Sunday, January 18, 2015

Law School Supplements




So I had read about a billion books about law school before starting and I knew there were these things called supplements that every law student in the history of law students raved about. I am about to be the next one. THESE BOOKS ARE AMAZING AND YOU NEED THEM AND YOU WANT THEM AND YOU'RE GOING TO GO GET THEM!!!!! 

Seriously, I am sure there are very good reasons as to why law school is set up the way it is, but the end result is that you get to the end of the semester and Holy Mother Of God, you know NOTHING. It must be dark magic because I read every page assigned, took notes, went to class, took notes again, reviewed my notes at the end of every week and outlined. So I should have known quite a bit. Only what they teach you in class is only slightly related to what will be on the exam. And the casebook is a gazillion pages of cases with only a few paragraphs here and there that actually explains the connections between the cases. Nobody wants to wade through all of that AGAIN. So we turn to supplements. Beautiful Beautiful Supplements.

Since my exams were mostly multiple choice and short answer, the series that were the most helpful were Examples and Explanations and Questions and Answers.

Examples and Explanations - Oh these are beautiful. They explain in depth, everything important and then give you questions to practice on. When I was going over my outline and felt I was missing something on a topic, I'd head to the E&E first. Multiple choice, short answer or typical essay exams, this is the first book I go to. Depending on the class, you can even buy an old edition for around four dollars on Ebay. For Contracts and Civil Procedure, it's not a good idea. They have both changed too much in the last decade. However, for Criminal Law and Property, go ahead and buy the four dollar version instead of the forty dollar one. And ask your librarians because more than likely they'll have a bunch as well. I preferred my own copy because my school doesn't allow you to take them home but it may work for others.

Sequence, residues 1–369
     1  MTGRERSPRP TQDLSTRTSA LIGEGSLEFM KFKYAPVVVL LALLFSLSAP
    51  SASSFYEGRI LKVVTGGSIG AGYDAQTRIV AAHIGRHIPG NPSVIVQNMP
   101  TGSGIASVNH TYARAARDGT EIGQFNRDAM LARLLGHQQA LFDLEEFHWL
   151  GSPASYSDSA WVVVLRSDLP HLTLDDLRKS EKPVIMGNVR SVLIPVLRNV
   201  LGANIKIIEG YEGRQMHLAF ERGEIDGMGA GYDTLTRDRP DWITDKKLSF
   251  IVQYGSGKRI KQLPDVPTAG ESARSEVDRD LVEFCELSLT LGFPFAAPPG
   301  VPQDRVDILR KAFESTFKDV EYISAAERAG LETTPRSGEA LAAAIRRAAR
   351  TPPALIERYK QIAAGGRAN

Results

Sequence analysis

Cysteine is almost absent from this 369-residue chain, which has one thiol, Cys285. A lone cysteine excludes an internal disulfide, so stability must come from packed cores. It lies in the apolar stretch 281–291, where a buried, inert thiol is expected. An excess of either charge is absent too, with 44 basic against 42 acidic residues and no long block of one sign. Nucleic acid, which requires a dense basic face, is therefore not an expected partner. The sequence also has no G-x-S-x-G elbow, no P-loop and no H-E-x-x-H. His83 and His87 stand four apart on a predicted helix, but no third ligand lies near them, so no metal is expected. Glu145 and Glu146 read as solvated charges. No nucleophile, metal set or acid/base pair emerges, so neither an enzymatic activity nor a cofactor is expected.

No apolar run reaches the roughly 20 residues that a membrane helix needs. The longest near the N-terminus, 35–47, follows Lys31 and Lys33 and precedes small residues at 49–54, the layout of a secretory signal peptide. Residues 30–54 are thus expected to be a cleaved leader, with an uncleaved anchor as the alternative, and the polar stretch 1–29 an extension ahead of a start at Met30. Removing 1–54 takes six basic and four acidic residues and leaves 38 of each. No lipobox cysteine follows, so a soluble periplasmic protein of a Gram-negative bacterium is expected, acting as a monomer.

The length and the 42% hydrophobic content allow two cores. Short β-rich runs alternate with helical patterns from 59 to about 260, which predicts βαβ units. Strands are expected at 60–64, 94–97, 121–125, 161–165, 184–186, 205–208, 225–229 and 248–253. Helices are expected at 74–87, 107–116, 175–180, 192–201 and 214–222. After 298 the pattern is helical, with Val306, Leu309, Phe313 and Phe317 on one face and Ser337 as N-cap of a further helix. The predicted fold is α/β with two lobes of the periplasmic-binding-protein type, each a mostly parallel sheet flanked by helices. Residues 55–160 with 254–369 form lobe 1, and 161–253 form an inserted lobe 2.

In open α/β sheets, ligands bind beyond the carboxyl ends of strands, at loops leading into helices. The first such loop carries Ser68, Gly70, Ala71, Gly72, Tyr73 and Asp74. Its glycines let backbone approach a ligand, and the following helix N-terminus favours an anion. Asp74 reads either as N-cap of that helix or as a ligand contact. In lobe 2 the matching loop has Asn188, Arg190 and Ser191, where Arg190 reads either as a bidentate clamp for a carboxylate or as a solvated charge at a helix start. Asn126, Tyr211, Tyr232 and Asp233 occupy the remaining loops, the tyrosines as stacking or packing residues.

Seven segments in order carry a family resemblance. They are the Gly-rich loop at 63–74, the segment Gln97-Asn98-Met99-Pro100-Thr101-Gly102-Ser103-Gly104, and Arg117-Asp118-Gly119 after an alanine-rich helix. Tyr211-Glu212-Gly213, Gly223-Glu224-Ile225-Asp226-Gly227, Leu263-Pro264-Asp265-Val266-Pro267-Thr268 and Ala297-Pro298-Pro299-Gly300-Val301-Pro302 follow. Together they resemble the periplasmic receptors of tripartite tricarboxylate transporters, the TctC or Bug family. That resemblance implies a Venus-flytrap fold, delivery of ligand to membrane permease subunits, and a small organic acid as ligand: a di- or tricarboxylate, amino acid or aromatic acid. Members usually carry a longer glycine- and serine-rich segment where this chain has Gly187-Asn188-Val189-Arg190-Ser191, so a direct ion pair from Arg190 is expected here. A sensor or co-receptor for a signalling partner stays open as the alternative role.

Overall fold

Question and Answers - An entire book of multiple choice, true/false and short answer questions. This book is fabulous for that moment where you pretty much have your outline down and you just really, really, really, don't want to study anymore but you have to because the exam is in two days. Put your outline down and start working your way through this book. It takes you from the whole memorizing concepts part of studying to the whole actually using them and putting them in practice part. Just don't freak out if you're getting 7 out of 15 right on a section and go read the answers to find out why! I went through the Q&A for each of my classes the two days leading up to the exam and it really helped. If you only have essay exams, I would still say to go through this book but maybe push it forward to about a week before the exam so you can do practice essay questions.

I used other supplements as well, but those two were the most helpful for the majority of my classes. My professors really push the Understanding series but most of the time, they were written by the casebook author and at least for me, were nothing more than a condensed version of my casebook. And there weren't really any practice questions to see if you really understood what was going on. So far, I really like the Acing Property supplement when I don't understand something in my casebook and my 3L mentor gave me the Gilbert Law Summaries but I haven't done more than flip through it yet. We will have to see how it goes this semester.

Final Thoughts - I personally do not think I would have done very well my first semester if I had not bought or used supplements. They teach a subject in basically the same way as an undergrad course. They introduce a new topic and then go deeper in depth until you understand it all. No hiding the ball here!





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